The favourite story of Charlottes was when they were in Pointe Escuminac, a fishing village in New Brunswick which was a real dive. about forty wooden houses each with a television antenna along a route that led to the a seaworn coast with not a tree in sight. It was flat coutryside, houses stretched out with kilometres inbetween all around the 'village'. At the end of the route there was a lighthouse and a small bay with a deserted beach strewn with wrecks and debris, beyond, an infinite ocean. The space was welcoming after a long car journey. They decided to camp there. It seemed as though they had reached the end of the world, no-one had laid foot there before them. They had left Gaspésie becuase the water was too cold, they went south to fnd a good place to camp. Jean-Pierre seemed to have a knack in ending up in some waste land or some cheap council run site. That day this was not the case, but the place was very sinister. They stayed at any rate as they were tired out and the water was great. For one evening. they set up the tent and bathed in the sea, they made a fire and lunch. It was really wild, Marie cooked a huge side of beef. Night was falling when the saw a truck full of lads between fifteen and twenty five years old, at least a dozen with cases of beer. They stopped about fifty metres away from them even though they had over a kilometre of empty beach, as if they did not see them. The evening wind picked up. They shouted and jeered things that Marie and the others did not understand. they lit a huge fire with the jerry-cans of petrol they had brought with them.

Marie and the others decided to move the camp off into the dunes as it was going to be impossible for them to get to sleep. They would wash the dishes which where in the hamper, in the morning. As they started to move the tent and put out their fire, the lads came over to them. They definately seemed to be being unpleasant and obnoxious. They walked on into the dunes, Jean-Pierre infront, Marie behind and Charlotte and the others inbetween. They hurried into their tent and fastened the door. Jean-Pierre said it was the last time he would bring the girls out without Grégoire. Marie had the money safe. The lads drove up in their truck, the headlights shining into the tent making it seem like daytime. Until dawn they continued to shout, drink and vomit, until finally they left when day broke. They could not find the crockery and hamper and so concluded it had been stolen. they were never going to go back to there again.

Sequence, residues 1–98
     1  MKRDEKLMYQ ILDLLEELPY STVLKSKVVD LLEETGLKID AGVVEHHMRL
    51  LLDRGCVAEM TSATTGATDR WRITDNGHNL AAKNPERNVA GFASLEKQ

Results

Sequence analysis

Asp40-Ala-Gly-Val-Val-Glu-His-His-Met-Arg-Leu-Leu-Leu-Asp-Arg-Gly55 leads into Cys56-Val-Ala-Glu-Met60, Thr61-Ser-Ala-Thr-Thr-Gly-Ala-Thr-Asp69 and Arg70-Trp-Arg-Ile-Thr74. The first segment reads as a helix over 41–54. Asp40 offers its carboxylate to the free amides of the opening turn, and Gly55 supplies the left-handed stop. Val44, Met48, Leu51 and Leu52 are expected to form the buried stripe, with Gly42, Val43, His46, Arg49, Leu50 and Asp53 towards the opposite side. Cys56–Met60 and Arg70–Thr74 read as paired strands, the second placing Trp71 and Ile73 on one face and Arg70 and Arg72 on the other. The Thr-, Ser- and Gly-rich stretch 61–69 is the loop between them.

Marie started what she described as a guerilla warfare against the Americans as she could not allow things to deteriorate further. She waited for the deteriation to happen itself before acting. She watched unflinchingly as they cut blankets into two, break chairs after swinging on them. There were no glasses left, no toilet roll, no sheets. The toilet, bathtub, sink and bidet were all blocked up. The table clothes left down the rubbish chute wrapping the dinner rubbish. The washing up was building into a montain. All the mugs being dirty, they drank out of vases or jamjars. She wass not bothered about loosing these objects, but what did worry, even distress her, to the point of sleepless nights was to see her children there amongst it all. She was unsure of what their reaction would be, she having being fed up for some months now. She also wondered whether her action was the best thing to do. Her words were having no real effect but she reasoned that the best way to combat this degradation was to allow it to go all the way, hopefully the children then realising.

Alone Dorothée was against all this, she stayed in her bedroom, independant of the others. She did not hide her condemning of these actions. Marie knew that the fact she was the youngest played a part in this but also Dorothée had a retained a certain degree of reason and strict conduct in this chaos, which she believes comes from the education of modern mathemeticians. That may seem absurd but Marie believes that it is necessary to look for the cause of this incredible strength of reason from a child at this age.

At the end of her third trimester, Dorothée had thought out her world well. She knew that her maths teacher gathered with teachers in the sixth year, who gather with the teachers from the lycée, who gather with the national education body, who inturn gather with the French government etc. Thus starting with her, you have a logical gathering of the world.